Voor het blog in het Nederlands a.u.b. hier klikken!
Für den Beitrag auf Deutsch bitte hier klicken!
To enlarge the map, please click on the box in the left upper corner! The larger map will open in a new page.
July 21st 2017
Stage C3a: Sargans to Weisstannen
The first part of the hike was quiet: I walked between the railway line and houses with well-maintained gardens and a view on the Castle and the Gonzen, passed under the motorway and then walked through the outskirts of Mels. The weather was beautiful. The surroundings became more attractive when in the town I crossed the river Seez.
After a rather steep climb I passed the last houses of Mels and spotted on a meadow in the shade a female chamois with a yearling of last season. They were grazing peacefully until they probably got my smell – and they disappeared into the woods. After that point the road kept on going up: it was an ancient and rather broad track through an magnificent beech forest. This should be the old road dating from so many years ago, on which tradespeople with their loaded mules, hunters and farmers passed into the valley. I realised that it was quite special to be able to walk here just for fun and without major worries on the same track those people had followed because they had to do so in order to make a living and to survive.
It was nice to walk in the shade, because in the meantime the temperature had risen to a summerly level. After passing through the woods I entered the sunlight again and had a wonderful view over the valley: it was an idyllic picture…
I stopped for a little chat with a man, who was mowing the sides of the road with a bush trimmer. He told me that there are a lot of chamois in this area and that they are staying here all year round. Early in the morning they are grazing with their kids on the meadows near his house… The variation of lush meadows, old forests of beech and spruce and the many waterfalls made the hike very pleasant.
Perhaps hardcore alpine hikers wouldn’t find a stage like this one very exciting, but I on my part love to walk though this green, wooded area and to notice how generations of farmers and other outdoor people have lived and worked, clearly with a lot of dedication and perseverance. In the small village Schwendi, a farmer has with pride nailed on the stable door all the prices he has won with his young St. Galler Braunvieh:
After finishing a large glass of apple juice with mineral water in the Gasthaus zur Mühle I arrived after a while at the main road through the valley and I could clearly spot from this point the Gonzen mountain again.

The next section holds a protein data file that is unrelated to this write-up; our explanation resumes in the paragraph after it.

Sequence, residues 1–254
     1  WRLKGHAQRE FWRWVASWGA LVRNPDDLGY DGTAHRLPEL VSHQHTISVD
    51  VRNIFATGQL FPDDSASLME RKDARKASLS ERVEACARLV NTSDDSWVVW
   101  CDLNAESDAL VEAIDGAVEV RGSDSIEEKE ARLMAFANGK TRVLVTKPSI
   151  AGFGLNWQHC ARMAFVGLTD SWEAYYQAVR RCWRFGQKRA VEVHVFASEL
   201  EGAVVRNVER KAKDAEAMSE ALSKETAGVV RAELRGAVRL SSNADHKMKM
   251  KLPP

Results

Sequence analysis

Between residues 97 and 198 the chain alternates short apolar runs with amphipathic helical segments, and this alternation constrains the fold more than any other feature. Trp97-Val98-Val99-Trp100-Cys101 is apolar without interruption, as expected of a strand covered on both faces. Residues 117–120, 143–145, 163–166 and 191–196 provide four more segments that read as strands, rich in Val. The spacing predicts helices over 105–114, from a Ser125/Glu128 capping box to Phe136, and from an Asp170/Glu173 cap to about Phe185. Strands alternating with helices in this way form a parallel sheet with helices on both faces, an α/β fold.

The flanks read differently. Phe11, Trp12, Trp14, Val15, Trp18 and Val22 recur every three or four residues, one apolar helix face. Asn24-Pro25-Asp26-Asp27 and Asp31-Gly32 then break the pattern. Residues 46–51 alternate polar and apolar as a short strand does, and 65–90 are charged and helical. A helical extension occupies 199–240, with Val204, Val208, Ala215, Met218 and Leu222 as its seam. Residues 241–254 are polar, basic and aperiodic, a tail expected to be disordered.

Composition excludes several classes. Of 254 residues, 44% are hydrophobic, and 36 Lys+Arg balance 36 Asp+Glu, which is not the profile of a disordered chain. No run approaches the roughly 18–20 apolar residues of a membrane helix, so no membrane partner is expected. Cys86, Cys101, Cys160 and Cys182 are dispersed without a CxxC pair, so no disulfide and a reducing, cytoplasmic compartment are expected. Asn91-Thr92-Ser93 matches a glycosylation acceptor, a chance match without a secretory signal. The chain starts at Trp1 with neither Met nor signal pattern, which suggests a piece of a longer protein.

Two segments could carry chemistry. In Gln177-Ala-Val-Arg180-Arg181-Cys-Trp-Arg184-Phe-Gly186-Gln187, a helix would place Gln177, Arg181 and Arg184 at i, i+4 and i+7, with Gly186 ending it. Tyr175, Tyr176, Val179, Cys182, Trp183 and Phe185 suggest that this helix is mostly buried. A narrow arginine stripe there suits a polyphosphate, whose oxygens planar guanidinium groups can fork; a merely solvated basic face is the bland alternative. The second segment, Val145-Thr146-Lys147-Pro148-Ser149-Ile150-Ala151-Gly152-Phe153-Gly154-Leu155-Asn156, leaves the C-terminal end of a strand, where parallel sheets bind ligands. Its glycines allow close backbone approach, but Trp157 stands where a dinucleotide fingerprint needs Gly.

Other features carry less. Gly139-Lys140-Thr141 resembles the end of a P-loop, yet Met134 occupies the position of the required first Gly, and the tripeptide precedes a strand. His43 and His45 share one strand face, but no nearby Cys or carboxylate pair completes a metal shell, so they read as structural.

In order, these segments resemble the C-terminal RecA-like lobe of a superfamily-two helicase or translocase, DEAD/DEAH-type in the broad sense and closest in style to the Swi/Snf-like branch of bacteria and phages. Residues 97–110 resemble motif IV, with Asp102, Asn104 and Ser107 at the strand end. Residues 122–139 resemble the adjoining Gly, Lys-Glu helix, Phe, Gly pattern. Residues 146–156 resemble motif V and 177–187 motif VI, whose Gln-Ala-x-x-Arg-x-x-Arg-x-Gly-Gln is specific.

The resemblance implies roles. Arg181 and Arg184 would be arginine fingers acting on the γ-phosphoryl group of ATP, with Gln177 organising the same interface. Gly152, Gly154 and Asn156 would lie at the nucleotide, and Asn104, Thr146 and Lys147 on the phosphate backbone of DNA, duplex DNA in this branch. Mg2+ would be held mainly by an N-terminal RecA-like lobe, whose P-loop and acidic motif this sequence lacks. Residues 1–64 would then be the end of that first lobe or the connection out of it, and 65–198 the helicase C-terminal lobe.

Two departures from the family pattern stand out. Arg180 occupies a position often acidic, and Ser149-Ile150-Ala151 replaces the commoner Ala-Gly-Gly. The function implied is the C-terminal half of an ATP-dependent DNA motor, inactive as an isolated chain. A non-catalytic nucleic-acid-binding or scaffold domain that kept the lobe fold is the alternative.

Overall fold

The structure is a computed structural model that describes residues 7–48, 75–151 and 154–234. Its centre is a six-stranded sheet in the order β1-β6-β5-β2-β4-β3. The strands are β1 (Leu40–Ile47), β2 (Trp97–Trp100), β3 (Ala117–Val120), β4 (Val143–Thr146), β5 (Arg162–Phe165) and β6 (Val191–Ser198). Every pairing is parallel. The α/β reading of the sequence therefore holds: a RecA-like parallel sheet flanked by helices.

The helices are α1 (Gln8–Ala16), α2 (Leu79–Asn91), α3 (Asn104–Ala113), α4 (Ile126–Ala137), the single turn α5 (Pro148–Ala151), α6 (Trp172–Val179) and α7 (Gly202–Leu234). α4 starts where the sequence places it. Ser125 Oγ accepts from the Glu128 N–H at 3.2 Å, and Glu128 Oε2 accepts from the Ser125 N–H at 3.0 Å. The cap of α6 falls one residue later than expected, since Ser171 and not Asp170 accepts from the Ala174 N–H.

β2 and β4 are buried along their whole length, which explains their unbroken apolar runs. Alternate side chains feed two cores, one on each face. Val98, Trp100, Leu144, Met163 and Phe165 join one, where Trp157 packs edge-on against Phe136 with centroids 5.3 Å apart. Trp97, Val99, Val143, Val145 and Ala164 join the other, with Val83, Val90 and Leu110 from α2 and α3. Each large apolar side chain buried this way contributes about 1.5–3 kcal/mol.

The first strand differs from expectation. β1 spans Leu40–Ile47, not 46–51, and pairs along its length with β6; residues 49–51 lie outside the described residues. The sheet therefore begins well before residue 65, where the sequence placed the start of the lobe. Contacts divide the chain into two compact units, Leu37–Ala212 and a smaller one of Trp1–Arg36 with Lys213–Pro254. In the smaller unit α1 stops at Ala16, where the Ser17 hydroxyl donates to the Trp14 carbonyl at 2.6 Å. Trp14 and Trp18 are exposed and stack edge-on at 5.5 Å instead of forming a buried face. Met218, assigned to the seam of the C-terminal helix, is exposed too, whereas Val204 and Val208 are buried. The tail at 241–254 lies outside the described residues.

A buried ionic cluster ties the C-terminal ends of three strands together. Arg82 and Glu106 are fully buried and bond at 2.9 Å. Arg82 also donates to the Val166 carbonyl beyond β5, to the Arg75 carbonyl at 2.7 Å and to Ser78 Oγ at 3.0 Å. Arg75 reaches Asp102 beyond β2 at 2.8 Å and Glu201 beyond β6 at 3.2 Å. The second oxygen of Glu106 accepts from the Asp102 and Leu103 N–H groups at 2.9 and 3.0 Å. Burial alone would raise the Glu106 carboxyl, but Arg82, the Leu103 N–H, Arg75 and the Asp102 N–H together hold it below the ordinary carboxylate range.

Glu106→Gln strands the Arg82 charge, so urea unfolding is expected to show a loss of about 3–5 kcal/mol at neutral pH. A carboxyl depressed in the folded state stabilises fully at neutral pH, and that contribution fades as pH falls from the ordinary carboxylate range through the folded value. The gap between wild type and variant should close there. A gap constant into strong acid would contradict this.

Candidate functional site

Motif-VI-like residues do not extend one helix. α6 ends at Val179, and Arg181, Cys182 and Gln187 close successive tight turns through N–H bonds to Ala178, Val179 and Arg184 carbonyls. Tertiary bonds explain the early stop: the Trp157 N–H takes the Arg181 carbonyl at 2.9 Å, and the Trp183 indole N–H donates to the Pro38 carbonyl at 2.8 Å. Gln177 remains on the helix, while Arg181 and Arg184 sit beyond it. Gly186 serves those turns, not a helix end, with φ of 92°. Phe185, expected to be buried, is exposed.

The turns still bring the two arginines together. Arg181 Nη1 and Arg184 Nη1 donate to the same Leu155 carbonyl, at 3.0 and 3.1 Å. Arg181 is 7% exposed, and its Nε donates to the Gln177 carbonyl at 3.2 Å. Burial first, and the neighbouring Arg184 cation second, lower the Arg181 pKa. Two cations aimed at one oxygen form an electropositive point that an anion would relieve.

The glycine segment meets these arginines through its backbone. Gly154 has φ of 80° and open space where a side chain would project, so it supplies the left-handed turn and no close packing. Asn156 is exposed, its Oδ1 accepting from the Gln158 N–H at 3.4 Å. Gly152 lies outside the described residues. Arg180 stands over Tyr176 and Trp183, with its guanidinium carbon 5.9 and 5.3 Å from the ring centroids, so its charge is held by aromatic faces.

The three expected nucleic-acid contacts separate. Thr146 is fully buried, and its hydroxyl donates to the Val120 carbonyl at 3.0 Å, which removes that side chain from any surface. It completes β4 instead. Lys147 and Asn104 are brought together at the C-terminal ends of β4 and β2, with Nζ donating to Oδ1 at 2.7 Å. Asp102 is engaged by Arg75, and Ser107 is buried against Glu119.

Along the banks of the softly murmuring river Seez I have continued my hike and arrived in Weisstannen. It has been all in all a very nice trip.
It is idyllic in this valley. However during my hike I have seen in several places that damage was caused to the landscape by mudflows. During the journey back to Sargans the bus went slowly due to construction works on the road, where new concrete walls were installed at the side of the Seez. Also large piles of branches and tree trunks were stacked on the side of the road. On the slopes a lot of large trees have been cut. Back in Sargans I searched the internet. Apparently these works are necessary because on two occasions, in August 2015 and in September 2016, there have been serious floodings caused by so-called “stationary” heavy thunder- and rain storms. These storms stay stuck high up in the valley and all the rain falls in the same area, causing enormous amounts of water, mud, trees and boulders to force themselves through and mainly over the banks of the streams and rivers. There are two video’s (in Schwyzerdütsch) about both disasters: “Verwüstung in Schwendi, Weisstannental” of August 10th 2015 (4 minutes) and “Weisstannen-Mels : Naturgewalten gebannt” about September 10th 2016 (41 minutes). The pictures are very disturbing. In the places I passed today, cheerful and enjoying myself, two catastrophes have recently struck. Situations that were far from idyllic… The mountain world really has two faces.
Leave a Reply